New York: Saquon Barkley, Jonathan Stewart, Wayne Gallman - 10 points. Some might accuse me of "jumping the gun" on rating a guy who has zero NFL carries so highly, and I get that. But when a kid has the kind of production Saquon had at Penn State, both carrying the ball and catching it out of the backfield, and his measurables are the best since Bo Jackson at the Combine I just believe he is going to do great things for the Giants, especially with the additions to the offensive line -- Nate Solder, Will Hernandez, Patrick Omameh). Add in role contributions from Stewart and Gallman and I think the Giants have a well above-average talent level at RB.

Philadelphia: Chris Clement, Darren Sproles: 4 points. Neither of these guys rushed for even 300 yards, as leading rusher LeGarrette Blount (766 yards rushing in 2017) was allowed to go to Detroit via free agency. This leaves the Eagles significantly outgunned at this position, at least on paper. The only reason I give even four points is how good Sproles can be as receiver out of the backfield, or else they would have scored even lower. Washington: Chris Thompson, Derrius Guice: 3 points. Thompson is just a mediocre back, and Guice is a rookie out of LSU who was ranked clearly below Barkley by talent scouts. Like Philadelphia, the Redskins have not invested much in the RB position.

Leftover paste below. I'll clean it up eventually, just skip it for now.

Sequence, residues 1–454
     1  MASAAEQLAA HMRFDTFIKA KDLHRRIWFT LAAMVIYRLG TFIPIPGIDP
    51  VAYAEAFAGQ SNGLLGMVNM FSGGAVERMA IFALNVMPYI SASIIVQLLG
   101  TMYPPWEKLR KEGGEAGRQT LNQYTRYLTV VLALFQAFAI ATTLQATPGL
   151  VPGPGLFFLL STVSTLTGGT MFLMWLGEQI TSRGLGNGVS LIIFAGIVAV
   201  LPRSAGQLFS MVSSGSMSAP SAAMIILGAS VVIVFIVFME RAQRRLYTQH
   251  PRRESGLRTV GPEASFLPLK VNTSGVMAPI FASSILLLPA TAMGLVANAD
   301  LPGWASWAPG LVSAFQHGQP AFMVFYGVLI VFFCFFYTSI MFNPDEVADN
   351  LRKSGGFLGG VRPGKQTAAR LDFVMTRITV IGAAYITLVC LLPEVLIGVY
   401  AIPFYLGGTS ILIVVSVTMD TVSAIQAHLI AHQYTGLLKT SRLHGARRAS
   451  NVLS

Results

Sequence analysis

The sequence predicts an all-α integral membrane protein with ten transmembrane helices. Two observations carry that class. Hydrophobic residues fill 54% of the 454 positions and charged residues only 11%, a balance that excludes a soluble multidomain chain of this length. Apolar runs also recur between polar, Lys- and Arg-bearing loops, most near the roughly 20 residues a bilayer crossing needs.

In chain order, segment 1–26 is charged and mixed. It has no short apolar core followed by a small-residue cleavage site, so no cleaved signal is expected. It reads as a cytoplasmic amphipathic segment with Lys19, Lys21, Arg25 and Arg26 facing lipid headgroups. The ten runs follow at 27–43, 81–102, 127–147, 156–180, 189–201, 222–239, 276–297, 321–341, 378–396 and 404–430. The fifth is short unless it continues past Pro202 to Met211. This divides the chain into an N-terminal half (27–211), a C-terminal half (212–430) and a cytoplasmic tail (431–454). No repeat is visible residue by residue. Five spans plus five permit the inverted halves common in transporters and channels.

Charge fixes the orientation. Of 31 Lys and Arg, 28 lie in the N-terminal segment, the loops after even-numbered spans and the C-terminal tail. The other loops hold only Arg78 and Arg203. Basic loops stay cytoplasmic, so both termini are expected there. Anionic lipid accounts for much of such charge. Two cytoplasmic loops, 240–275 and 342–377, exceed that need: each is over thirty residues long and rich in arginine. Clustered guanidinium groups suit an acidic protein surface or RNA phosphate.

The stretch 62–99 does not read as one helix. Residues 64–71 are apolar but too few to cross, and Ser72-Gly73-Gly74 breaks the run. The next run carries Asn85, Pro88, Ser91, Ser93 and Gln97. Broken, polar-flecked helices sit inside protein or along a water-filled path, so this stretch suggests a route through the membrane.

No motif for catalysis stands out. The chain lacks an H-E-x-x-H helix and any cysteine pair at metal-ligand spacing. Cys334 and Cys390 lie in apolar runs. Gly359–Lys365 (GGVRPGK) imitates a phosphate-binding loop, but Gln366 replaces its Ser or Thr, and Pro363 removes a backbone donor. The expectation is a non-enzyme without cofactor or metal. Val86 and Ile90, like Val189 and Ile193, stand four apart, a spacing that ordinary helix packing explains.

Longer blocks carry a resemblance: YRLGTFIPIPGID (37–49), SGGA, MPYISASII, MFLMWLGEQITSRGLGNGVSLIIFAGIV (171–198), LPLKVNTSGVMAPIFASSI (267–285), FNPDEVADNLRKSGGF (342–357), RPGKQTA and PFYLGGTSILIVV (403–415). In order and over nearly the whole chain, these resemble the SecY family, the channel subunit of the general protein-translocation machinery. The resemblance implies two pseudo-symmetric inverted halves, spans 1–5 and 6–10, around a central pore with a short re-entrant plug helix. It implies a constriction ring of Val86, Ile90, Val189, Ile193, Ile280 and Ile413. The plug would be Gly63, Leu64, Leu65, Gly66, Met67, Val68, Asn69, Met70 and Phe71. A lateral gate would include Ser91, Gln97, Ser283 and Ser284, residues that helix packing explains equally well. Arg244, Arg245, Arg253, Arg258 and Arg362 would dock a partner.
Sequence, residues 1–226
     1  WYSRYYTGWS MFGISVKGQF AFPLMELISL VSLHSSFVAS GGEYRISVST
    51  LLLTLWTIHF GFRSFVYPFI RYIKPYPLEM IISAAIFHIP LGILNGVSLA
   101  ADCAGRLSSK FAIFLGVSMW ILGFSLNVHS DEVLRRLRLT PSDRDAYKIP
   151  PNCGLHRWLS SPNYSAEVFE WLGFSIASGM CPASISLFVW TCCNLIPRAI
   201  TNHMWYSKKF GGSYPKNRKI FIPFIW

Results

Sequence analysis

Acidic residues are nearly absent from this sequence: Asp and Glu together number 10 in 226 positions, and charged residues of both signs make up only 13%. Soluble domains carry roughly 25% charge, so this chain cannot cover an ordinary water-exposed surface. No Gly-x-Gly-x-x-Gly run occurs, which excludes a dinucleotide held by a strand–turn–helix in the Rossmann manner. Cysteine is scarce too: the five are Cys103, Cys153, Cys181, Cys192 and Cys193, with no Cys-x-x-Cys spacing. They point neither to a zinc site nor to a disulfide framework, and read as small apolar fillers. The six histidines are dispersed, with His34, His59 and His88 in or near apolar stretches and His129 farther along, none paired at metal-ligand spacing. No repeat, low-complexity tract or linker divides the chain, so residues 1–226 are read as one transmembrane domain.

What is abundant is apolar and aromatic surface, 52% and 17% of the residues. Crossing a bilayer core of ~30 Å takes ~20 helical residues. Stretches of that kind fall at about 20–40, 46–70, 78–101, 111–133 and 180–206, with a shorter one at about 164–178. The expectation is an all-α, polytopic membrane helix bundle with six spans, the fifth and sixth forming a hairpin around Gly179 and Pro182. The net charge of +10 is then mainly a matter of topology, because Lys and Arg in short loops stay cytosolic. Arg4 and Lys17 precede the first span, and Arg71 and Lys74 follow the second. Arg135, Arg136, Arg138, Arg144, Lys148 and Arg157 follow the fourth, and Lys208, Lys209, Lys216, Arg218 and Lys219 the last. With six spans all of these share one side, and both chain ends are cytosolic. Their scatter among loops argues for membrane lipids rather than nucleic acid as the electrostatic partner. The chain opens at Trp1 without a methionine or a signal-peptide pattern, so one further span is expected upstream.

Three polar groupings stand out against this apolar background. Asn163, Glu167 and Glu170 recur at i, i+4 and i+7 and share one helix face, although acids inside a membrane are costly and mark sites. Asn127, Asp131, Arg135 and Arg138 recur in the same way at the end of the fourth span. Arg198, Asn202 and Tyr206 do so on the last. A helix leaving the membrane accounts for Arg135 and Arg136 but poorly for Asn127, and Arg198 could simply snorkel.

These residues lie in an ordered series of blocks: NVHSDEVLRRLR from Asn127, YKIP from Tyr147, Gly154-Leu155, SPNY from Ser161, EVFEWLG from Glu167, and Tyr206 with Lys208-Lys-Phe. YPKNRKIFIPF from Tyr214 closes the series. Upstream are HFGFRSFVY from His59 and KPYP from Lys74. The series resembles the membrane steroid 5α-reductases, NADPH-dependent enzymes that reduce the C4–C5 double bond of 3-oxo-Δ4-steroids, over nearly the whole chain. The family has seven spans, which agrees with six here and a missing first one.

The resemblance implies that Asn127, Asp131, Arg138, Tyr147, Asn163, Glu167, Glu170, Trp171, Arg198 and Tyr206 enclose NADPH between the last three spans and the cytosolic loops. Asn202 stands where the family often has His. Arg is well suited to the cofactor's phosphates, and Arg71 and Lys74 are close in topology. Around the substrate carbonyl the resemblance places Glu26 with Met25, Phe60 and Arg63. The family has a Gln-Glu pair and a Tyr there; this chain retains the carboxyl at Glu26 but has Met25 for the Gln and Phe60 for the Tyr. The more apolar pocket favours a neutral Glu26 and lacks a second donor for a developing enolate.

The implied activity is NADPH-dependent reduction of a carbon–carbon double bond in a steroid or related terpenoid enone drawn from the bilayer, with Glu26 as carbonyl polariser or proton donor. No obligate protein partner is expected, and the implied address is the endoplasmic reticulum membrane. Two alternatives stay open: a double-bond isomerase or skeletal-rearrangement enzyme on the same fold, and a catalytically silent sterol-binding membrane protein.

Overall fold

WIDE RECEIVERS: 15 points maximum

New York: Odell Beckham Jr., Sterling Shepard, Cody Latimer: 14 points. The range of talent on this star-studded unit ranges from "otherworldly" (OBJ), to "star in the making" (Shepard), to "above average talent" (Latimer). If they can stay healthy, and if his new offensive line can give him a bit more time in the pocket, Manning will be like a child in a candy store.

Philadelphia: Alshon Jeffery, Mike Wallace, Nelson Agholor: 10 points. By signing Wallace from the Dolphins, the Eagles have the distinction of having all three of their top receivers responsible for between 700 and 800 yards in receptions last year. Remarkable that all three are so identical in production. Their styles compliment one another -- Jefferey is a big-body "possession" receiver, Wallace is a speedster, and Agholor is a quick-cutting slasher.

Dallas: Terrence Williams, Cole Beasley, Tavon Austin: 8 points. This unit would have scored 3-4 more points if it still had Dez Bryant, but his personality quirks got to be more than the team could stomach, and they cut him. Williams and Beasley are both very quick "slashers" and Austin has world class straight-away speed (4.31 in the forty at the Combine), but disappeared on the Rams' depth chart last season, and averaged less than seven yards per catch when he did get a rare opportunity.